Churches Speak Out On Fracking Two churches recently added their voices to the on-going debate around the controversial natural gas extraction technique of hydraulic fracturing (“fracking”): Faith And Fracking: A Religious Case For The Environment – A Catholic diocese in England is stepping up to the front lines of the fracking debate, urging parishioners to think twice before supporting a drilling practice that injects chemicals and silica sand into the earth to break up rock formations where oil is hidden.
Church denounces fracking – The Church of Scotland has joined environmental groups in saying tax breaks for fracking – shale gas extraction – will cause needless damage to communities and the environment.
In order to help individuals and communities prayerfully and thoughtfully reflect on the ethical aspects of fracking—as well as other energy issues—the Coalition has compiled a list of Catholic resources available here.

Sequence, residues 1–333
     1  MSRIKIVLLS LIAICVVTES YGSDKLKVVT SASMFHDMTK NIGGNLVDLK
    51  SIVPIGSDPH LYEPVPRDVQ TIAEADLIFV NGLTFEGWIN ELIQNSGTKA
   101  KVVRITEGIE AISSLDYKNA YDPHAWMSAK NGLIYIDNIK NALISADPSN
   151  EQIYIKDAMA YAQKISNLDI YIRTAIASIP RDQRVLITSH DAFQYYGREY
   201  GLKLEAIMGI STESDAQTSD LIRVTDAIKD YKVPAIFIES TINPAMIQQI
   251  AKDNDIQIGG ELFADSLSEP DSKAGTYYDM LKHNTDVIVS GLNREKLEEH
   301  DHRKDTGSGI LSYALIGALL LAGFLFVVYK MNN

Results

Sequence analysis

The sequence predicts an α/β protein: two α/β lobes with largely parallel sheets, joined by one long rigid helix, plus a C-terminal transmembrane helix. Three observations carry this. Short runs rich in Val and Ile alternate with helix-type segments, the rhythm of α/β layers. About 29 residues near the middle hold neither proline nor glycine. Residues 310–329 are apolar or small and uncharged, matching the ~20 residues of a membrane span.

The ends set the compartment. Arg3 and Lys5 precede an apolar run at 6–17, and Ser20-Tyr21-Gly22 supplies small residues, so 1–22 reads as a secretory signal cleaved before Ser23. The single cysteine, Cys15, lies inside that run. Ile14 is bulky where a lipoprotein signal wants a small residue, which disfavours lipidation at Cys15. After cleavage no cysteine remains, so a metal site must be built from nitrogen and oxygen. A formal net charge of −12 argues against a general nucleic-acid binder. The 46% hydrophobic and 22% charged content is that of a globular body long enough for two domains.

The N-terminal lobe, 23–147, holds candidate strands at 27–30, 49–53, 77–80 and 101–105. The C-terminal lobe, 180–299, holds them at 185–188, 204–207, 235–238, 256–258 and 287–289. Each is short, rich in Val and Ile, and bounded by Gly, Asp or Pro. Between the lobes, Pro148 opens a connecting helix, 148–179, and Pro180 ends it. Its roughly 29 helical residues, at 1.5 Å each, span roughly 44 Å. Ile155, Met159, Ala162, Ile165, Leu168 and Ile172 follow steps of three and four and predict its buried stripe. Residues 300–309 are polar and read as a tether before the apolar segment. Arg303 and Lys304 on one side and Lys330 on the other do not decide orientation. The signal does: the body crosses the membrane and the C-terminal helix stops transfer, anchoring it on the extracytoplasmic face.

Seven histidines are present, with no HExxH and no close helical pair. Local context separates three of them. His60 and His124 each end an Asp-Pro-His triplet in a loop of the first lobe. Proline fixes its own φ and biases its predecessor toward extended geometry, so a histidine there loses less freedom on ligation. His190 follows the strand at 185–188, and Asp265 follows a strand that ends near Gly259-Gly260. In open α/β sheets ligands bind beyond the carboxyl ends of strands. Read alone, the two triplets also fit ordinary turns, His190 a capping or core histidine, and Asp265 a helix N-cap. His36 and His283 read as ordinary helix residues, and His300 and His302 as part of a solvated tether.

2013 FEAST OF ST. FRANCIS Start Planning Now! Join tens of thousands of other Catholics who will learn about the dramatic evidence of climate change and explore Catholic teaching on climate change. This year’s Feast of St. Francis program is: Melting Ice, Mending Creation: a Catholic Approach to Climate Change. It’s not too early to be looking ahead to your celebration of the Feast of St. Francis. This year our Feast of St. Francis program (about 90 mins. in Parish, College, and High School/Youth Education Kits*) will highlight the Pontifical Academy of Science’s Working Group (PAS) statement, Fate of Mountain Glaciers in the Anthropocene, combined with viewing a “TED” talk by James Balog, the science photographer behind the documentary film Chasing Ice, who documented some of the most vivid evidence yet of climate change through time-lapse photography of receding glaciers around the world. SIGN UP NOW to register your interest. Share this FLYER View the PRESS RELEASE about this year’s Feast of St. Francis program. *Education Kits will be available online by Sept. 1.